This blog is dedicated to the children of Missouri that are being serviced by the Special Education system. They are not receiving the services that they need because they will never make the state or their districts look good.
The annual review of school district performance by the Missouri Department of Elementary and Secondary Education claims to show how well each school district in the state performs. It doesn’t. All it really shows is the relative wealth of the population in each school district.
Compare the performance scores with rates of participation in the federal school lunch program. The correlation between poverty and low performance scores is striking. I made such a comparison for 52 local education agencies in metropolitan St. Louis that operate high schools. I excluded education agencies that did not offer high school from the comparison, because the challenges of high school and elementary school are so very different as to make any comparison between the two meaningless. I used participation in the free and reduced price lunch program as the measure of poverty, even though it does not register differences in the intensity of poverty, for example, or distinguish between someone new to the program and someone who has always lived in poverty. The degree to which different levels of participation in the subsidized lunch program tracked accreditation levels, however, was stunning.
DESE ranks districts into four levels of accreditation.
In only four of the 20 districts whose scores would earn them the “accredited with distinction” label were more than one-third of the students eligible for free or reduced price lunch, and none of those enrolled more than 3,000 students.
In none of the 27 districts that would earn accreditation without distinction were fewer than one-third of the students eligible for free or reduced price lunch (and in only two were fewer than 40 percent of the students eligible for subsidized lunches). In only one of those 27 districts were more than 60 percent of the students eligible for the federal lunch program, and that district had the lowest performance score of the group.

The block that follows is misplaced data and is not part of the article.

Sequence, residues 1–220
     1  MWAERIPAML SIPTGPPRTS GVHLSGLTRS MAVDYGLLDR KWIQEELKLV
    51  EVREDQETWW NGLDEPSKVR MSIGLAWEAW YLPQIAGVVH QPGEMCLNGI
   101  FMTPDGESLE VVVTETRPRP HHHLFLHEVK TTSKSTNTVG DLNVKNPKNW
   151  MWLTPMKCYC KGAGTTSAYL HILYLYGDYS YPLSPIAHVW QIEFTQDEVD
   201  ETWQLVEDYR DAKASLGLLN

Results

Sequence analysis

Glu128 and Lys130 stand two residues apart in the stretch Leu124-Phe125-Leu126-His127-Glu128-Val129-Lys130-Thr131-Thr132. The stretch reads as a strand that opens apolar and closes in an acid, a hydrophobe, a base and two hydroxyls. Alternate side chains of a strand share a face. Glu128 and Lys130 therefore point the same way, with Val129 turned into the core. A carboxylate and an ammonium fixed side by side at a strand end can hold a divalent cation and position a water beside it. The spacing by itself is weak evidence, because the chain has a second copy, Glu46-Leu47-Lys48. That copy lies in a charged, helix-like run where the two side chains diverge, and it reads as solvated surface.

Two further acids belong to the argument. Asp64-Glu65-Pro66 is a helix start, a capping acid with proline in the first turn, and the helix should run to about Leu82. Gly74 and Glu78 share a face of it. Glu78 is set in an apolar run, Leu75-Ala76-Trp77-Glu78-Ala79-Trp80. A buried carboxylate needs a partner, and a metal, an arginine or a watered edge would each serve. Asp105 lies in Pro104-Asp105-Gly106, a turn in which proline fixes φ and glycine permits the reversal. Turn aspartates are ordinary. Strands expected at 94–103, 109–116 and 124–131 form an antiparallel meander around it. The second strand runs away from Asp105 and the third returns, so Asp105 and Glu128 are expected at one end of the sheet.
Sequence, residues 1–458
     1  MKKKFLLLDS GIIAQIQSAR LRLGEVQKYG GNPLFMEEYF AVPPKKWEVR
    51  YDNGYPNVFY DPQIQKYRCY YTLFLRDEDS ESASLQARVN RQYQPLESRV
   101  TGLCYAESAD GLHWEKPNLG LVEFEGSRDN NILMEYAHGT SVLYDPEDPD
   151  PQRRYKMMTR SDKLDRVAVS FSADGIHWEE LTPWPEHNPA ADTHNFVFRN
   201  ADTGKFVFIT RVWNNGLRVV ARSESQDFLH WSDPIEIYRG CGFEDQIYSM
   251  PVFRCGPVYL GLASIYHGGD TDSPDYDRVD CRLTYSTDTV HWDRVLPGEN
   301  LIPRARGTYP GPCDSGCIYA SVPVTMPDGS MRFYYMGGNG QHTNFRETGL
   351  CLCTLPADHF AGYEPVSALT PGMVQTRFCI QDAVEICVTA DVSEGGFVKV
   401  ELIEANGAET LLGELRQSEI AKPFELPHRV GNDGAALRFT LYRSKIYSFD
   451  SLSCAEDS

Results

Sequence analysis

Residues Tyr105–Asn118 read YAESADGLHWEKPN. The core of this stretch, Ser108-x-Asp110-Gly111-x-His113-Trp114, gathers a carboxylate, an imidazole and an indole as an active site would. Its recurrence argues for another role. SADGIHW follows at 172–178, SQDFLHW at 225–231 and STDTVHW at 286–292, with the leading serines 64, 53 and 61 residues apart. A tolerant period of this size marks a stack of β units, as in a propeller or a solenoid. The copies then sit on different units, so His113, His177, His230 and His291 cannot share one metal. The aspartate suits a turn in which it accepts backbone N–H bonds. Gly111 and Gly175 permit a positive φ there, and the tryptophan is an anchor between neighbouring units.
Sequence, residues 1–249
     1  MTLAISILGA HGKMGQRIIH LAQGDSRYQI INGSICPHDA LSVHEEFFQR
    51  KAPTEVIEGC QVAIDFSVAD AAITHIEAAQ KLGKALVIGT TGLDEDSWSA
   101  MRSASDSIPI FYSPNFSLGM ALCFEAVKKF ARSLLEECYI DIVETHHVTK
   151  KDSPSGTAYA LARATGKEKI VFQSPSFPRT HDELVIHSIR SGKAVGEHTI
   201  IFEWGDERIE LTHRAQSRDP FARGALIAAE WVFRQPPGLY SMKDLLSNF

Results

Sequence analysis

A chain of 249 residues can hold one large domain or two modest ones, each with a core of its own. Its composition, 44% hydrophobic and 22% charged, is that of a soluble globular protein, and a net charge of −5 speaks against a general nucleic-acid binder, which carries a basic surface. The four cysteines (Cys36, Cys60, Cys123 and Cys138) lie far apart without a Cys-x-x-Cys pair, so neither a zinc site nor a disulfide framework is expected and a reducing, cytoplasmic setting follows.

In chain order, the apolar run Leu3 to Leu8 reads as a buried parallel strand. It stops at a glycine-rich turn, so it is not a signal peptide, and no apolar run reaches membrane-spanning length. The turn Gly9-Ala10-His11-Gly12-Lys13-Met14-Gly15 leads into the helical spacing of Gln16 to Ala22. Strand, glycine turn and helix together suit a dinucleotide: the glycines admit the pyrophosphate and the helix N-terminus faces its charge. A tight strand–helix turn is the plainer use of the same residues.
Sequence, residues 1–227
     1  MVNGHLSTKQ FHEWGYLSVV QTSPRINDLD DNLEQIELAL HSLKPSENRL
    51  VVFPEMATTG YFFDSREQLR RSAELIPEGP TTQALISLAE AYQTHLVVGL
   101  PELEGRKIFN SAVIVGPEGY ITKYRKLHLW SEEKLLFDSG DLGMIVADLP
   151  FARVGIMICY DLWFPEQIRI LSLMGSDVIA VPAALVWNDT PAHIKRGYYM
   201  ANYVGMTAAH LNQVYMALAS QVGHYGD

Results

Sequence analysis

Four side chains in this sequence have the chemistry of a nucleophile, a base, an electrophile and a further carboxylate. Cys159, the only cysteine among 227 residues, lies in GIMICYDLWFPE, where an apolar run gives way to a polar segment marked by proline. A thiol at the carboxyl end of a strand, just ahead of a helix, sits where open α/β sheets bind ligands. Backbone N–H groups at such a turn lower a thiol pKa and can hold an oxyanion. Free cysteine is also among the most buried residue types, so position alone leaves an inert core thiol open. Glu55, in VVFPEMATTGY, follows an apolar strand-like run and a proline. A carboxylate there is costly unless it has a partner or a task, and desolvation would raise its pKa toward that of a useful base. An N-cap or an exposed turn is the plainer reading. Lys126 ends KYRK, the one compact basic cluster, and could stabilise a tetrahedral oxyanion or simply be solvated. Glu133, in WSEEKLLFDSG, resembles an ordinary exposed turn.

In the three districts that would fall into the “provisionally accredited” category, 62 percent, 72 percent, and 90 percent of students participated in the subsidized lunch program.
In all four of the districts that would be unaccredited (five if one includes the Construction Career Center), the proportion of students eligible for subsidized lunches exceeds 85 percent.
One reason that DESE’s performance review tells us more about family wealth than school performance is that it measures things on which families have great influence. Fully one-half of the possible 140 points on the accreditation scale are based on student scores on tests purchased from textbook publishers. Another 20 points are based on the results for students taking college entrance exams. The other 50 points are based on graduation rates (30 points), attendance (10 points), and the proportion of graduates placed in college or a job within six months (10 points).
The problem with the tests is that they measure so much more than just academic achievement. They measure a complex combination of traits, which includes achievement, but also includes culture and motivation. DESE and test publishers ignore that complexity by assuming a sameness to families and people that doesn’t exist.
One culture? Not quite. A question that assumes familiarity with golf, for example, introduces a cultural bias against students who grow up in families and neighborhoods unfamiliar with the game.
Everyone is equally motivated? Not so. Psychologists have found that some individuals are internally motivated to always try to do their best on tests, even it they can’t perceive of any benefit from doing so, but others aren’t. It is possible that in life children from more privileged backgrounds more often learn that effort brings rewards, and children from disadvantaged circumstances more often learn that it doesn’t.
Recent research also shows that poverty affects one’s performance on tests. When people living in poverty are most secure, they perform as well on cognitive tests as people who are well-to-do. But, when they are most financially stressed, they perform worse on the same tests.
In science, one has to isolate a variable to measure its response. Missouri’s achievement tests, in failing to isolate academic achievement from cultural influences, motivation, and poverty, fail to really tell us anything about academic achievement or school performance.
Peter Downs is a former member of the St. Louis city school board and author of “Schoolhouse Shams: Myths and Misinformation in School Reform,” from Rowman & Littlefield Education.